Thelonious Monk International Jazz Guitar Competition
Norwegian guitarist Lage Lund, a graduate of the Berklee College of Music, has won the 19th annual Thelonious Monk International Jazz Competition. Lage's artful arrangement of Billy Strayhorn’s “Isfahan” and his darting, articulate lines on Wayne Shorter’s “Pinocchio” made an impression on this year’s judges: Pat Martino, Bill Frisell, Russell Malone, Earl Klugh, Stanley Jordan and John Pizzarelli. For his first place finish, Lund won a $20,000 scholarship and an engagement at the Kennedy Center for next season. The second place prize of $10,000 went to Miles Okazaki, with New Orleans guitarist David Mooney taking home the $5,000 third place scholarship.
Each of the three finalists performed two numbers backed by an all-star group with pianist Bob James, bassist James Genus, drummer Teri Lynn Carrington and tenor saxophonist Chris Potter. Okazaki was especially strong in his burning call-and-response exchanges with Potter, and many in the audience were surprised he didn’t win.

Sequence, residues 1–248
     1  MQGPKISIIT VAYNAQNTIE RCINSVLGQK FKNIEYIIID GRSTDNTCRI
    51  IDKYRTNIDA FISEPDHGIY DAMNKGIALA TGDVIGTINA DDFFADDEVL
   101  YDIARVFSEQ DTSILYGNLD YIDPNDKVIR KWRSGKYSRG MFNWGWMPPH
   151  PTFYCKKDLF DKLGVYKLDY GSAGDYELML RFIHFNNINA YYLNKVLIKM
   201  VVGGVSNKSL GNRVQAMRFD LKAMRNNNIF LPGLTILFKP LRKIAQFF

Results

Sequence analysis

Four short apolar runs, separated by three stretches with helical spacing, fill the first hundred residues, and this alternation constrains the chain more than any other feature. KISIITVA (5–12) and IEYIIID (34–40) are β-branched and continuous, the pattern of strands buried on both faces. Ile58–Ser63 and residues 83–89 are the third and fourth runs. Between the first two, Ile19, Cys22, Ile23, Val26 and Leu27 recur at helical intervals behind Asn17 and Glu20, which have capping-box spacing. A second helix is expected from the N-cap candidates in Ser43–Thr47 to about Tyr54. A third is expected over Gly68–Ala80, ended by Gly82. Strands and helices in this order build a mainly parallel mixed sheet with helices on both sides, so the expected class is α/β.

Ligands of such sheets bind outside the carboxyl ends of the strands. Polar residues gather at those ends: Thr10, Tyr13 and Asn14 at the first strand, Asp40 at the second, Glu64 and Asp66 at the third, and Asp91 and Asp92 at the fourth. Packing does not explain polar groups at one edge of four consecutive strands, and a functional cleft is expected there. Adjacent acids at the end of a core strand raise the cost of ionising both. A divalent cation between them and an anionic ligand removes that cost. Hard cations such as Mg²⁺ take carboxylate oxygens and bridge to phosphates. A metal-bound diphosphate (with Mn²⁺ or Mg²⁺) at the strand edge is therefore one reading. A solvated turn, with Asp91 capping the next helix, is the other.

Japanese pianist Junko Moriya won the International Composer’s Competition and performed her award-winning composition “Playground.” Its harmonic surprises and challenging, time-shifting meters were brought to life by Moriya, along with Genus, Carrington, Potter, trumpeter Don Sickler and guitarist Anthony Wilson.
While waiting for the judges to announce their decision, the second half of the concert gave the judges and special guests an opportunity to show their stuff. One of the emotional high points came when Clark Terry played “They Can’t Take That Away From Me,” with Dee Dee Bridgewater and John Pizzarelli sharing the vocals. Terry cracked up everyone with his mumbles and perfectly timed conversational scatting.
Other highlights included guitarists Russell Malone and Earl Klugh totally digging each other’s sound and solos on “Stella By Starlight,” while George Benson, who received the Maria Fisher Founder’s Award, looked oh-so-cool wearing shades, singing and playing “On Broadway.” As good as Benson was, Carrington and Genus nearly stole that part of the show when they opened up their rhythmic bag of fatback nasty.
Stanley Jordan’s version of “Do You Know What It Means to Miss New Orleans?” with Bridgewater and trumpeter Terrence Blanchard never really came together and sounded a bit forced. Pat Martino and Bill Frisell’s mysteriously dark arrangement of “Footprints,” with Wayne Shorter and Herbie Hancock, was easily the most intriguing performance of the evening.
The concert ended when Lund received his first prize and then stood toe to toe with Benson while they jammed on “How High the Moon?” The concert was taped for broadcast by BET Jazz, and the competition returns next fall featuring pianists.